Where can I look to provide case law or regulation regarding a first task order outside of FAR?
This response is based on the information provided. The way your organization sets up the first task order CLIN solely to “record” an obligation via Line of Accounting and nothing else is interesting. FAR 16.504(a) talks about furnishing a stated minimum quantity of supplies or services and it should be more than a nominal quantity. So…the first task order is normally based on the very requirements/specification your IDIQ contract is designed to accomplish while meeting the Government’s binding obligation to purchase the contract minimum and thus bound the contractor in this IDIQ vehicle. In my own experience, I did not personally create a first task order solely for fund the minimum of the IDIQ vehicle without any consideration (like receiving an item or service) nor observe such practice. What I have done in the past is to award the IDIQ vehicle and concurrently issue a Task Order for the minimum quantity of goods or services (thus creating a binding agreement for both parties).
That said…review the GAO’s Principles of Federal Appropriation Law (also known as a “Red Book”) by checking their website (https://www.gao.gov/legal/red-book/overview). Specifically, review Chapter 7 of the Red Book entitled “Obligation of Appropriations”. Chapter 7 provides a legal definition of an “obligation” and it talks about two different terms of obligation -- “creating” an obligation and “recording” an obligation. Awarding an IDIQ contract with stated minimum is an act of “creating” an obligation. “Recording” an obligation has a specific criteria which is derived from Subsection (a)(1) of 31USC1501 (Chapter 7, Section B of the Red Book), one of which must have evidence of a binding agreement (offer, acceptance, and consideration) calling for specific goods, real property, work or service in exchange for monetary consideration. Here are a couple of case laws that deals with obligating minimum on IDIQ contracts for your consumption. Federal Electric Corporation, ASBCA 11726, 68-1 BCA 6834, and Federal Electric Corporation v. United States, 486 F.2d 1377 (1973).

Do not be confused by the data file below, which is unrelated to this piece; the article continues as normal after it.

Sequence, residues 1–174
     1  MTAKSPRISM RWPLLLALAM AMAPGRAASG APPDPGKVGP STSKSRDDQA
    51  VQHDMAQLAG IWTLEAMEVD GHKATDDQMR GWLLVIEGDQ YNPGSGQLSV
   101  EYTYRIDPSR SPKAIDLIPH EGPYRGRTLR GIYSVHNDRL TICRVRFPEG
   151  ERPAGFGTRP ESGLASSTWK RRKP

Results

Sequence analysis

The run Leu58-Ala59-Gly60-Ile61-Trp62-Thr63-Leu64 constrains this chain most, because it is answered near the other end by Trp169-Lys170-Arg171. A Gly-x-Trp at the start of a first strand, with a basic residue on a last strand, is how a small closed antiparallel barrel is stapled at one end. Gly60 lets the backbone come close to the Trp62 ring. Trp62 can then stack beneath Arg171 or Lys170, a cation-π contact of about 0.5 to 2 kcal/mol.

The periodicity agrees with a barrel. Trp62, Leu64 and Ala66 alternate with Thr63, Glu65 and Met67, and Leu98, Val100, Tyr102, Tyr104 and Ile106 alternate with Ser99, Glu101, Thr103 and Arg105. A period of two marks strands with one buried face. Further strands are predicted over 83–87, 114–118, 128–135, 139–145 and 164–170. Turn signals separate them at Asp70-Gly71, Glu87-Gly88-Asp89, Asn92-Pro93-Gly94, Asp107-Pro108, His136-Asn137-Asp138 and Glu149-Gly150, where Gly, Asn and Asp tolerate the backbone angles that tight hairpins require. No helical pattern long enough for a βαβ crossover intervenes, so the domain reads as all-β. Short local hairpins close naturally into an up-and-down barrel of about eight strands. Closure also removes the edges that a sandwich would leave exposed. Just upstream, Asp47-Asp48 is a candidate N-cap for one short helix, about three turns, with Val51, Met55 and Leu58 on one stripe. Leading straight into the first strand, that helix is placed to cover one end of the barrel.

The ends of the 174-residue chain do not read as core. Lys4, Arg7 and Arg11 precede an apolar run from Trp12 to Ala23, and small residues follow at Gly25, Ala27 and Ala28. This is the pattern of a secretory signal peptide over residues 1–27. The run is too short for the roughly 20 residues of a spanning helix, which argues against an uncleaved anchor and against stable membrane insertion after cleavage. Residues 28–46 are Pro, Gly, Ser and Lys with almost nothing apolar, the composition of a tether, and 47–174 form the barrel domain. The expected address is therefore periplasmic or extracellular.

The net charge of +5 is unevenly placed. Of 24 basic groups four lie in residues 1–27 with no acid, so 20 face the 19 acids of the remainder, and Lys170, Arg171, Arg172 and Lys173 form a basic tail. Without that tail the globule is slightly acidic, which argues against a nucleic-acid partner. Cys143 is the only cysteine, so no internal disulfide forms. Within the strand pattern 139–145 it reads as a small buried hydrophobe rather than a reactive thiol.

At the end of the day, your best resource of case law pertaining to your issue is your servicing legal office. Best wishes